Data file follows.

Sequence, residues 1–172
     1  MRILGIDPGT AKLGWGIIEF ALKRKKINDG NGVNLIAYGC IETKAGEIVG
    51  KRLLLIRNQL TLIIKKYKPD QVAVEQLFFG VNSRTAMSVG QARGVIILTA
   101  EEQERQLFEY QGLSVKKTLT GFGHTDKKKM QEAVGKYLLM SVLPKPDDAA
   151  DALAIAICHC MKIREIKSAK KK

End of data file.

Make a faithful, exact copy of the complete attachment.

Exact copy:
Sequence, residues 1–172
     1  MRILGIDPGT AKLGWGIIEF ALKRKKINDG NGVNLIAYGC IETKAGEIVG
    51  KRLLLIRNQL TLIIKKYKPD QVAVEQLFFG VNSRTAMSVG QARGVIILTA
   101  EEQERQLFEY QGLSVKKTLT GFGHTDKKKM QEAVGKYLLM SVLPKPDDAA
   151  DALAIAICHC MKIREIKSAK KK